N—Wow, okay that explains a lot. How does that translate into leading, though? Like shooting with you, you were so natural at leading and it felt so easy, like magic. There was nothing jarring about you being assertive. As if you were secretly leading.
C—Yeah maybe that's the equality trying to have a creative collaboration is letting there be space for play—experimentation—and flexibility so that no one feels pressure or embarrassed. I'm curious how that fits in with you writing music- I can't imagine that being easy. I would be so self conscious trying to invent a sound but then again that's not something i've ever tried.
N—Writing for me now is completely selfish, I feel it has to be for where I’m at. I think before I was too worried about how I’d be perceived. Same reason why I wasn’t shooting with anyone.
C—For sure. Do you have a song you wrote that made you feel particularly brave?
N—One of my new songs off my new project is called, "If You Won't Marry Me Right Now". I might get in trouble for it and had to get vulnerable and brave to write it. Maybe it will get me in trouble but I don't care. I think a lot of people can identify with the concept of this song.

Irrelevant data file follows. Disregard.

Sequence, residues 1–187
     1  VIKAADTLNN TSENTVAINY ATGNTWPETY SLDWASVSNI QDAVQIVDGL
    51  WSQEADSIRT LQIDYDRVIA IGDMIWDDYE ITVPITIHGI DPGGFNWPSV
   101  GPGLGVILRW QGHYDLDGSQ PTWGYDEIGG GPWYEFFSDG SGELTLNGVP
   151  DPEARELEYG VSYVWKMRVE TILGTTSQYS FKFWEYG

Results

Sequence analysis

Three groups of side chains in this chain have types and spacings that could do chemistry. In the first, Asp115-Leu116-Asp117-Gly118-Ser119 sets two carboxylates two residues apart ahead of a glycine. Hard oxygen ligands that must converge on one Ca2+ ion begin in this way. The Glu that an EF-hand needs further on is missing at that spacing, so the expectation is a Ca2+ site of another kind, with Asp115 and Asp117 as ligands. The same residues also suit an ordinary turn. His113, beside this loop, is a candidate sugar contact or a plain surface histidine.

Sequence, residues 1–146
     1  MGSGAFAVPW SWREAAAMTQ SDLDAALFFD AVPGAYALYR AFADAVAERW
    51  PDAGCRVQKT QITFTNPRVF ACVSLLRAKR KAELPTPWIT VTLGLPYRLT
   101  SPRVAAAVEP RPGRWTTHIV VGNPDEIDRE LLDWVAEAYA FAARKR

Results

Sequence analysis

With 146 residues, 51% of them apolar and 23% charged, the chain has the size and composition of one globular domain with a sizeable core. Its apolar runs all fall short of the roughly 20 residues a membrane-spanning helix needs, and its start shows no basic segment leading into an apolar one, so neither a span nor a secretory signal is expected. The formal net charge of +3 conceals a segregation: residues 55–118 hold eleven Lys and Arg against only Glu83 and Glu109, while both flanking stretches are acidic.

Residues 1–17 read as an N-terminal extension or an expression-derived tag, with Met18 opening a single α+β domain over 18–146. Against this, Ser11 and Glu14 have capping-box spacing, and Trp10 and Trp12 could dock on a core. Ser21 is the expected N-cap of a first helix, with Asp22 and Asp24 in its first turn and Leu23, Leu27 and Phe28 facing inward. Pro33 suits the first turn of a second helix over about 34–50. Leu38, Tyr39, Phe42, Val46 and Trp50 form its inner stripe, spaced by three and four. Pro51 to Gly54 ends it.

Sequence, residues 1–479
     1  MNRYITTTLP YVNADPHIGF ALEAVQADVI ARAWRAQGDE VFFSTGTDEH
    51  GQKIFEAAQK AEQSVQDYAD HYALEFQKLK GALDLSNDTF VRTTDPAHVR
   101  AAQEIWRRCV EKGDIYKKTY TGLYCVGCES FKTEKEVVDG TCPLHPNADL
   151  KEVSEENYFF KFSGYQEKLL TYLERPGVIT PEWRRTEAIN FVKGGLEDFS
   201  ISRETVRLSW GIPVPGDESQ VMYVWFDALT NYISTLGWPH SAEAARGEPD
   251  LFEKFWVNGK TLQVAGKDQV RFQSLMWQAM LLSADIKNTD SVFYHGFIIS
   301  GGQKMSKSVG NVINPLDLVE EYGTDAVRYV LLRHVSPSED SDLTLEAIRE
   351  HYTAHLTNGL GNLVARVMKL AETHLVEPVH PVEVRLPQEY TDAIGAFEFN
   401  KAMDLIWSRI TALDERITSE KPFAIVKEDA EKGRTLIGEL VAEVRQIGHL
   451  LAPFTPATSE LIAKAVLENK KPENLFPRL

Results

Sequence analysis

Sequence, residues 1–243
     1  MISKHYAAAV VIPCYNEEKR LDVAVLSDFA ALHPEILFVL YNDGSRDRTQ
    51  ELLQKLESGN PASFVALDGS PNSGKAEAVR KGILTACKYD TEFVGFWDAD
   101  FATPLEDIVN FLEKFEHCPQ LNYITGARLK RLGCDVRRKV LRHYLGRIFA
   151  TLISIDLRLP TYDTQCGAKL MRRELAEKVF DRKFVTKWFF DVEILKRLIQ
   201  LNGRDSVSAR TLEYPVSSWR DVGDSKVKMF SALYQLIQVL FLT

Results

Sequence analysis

C—So I could guess but what exactly is it about?
N—It's straight up about how someone who said they were going to marry me didn't. So I had to figure out how to let go, move on, all while figuring out how to recover.
C—Fuck. Real life. So what's your secret to recovery because you seem in good spirits?
N—Taking off my pants haha. Also time, working out, taking more risks, watching Sopranos, realizing it's OK to feel bad for a while and a lot of sad classical piano playing.
C—Damn, all very helpful. My Co-Star app gave me some advice the other day which said instead of trying to solve your friends pain, let them know that you're there while they hold it. I thought that was annoying and true and valuable. I gotta ask, aren't you glad you're not married? I can't imagine being tied down yet.
N—Yes! I mean that's the value of time—maybe something you think you wanted later on seems fruitless. A bullet was dodged. You said earlier you're not sure you're happy doing what you're doing. What's up with that? Has your perspective on what you thought you wanted changed?
C—Yes since I got to LA 4 years ago I've been going really hard as if all this work might disappear out of thin air. The time moves so quickly here and I'm not sure how awake I am for a lot of it. I want to make an effort to do more living. Maybe sounds corny but shit I want to go camping really bad. And turn my phone off more. My point is: all the work for what? If I'm not also taking time to enjoy life and play.
N—As you spend more time living you realize what's actually valuable.
C—Where do you see yourself as an old lady? We all need to visualize this inevitable future more often.
N—I see myself living it Ravello, Italy giving voice lessons and doing a couple shows a year.
N—What about you?
C—Hell ya.. honestly not too far off—maybe we can be neighbors.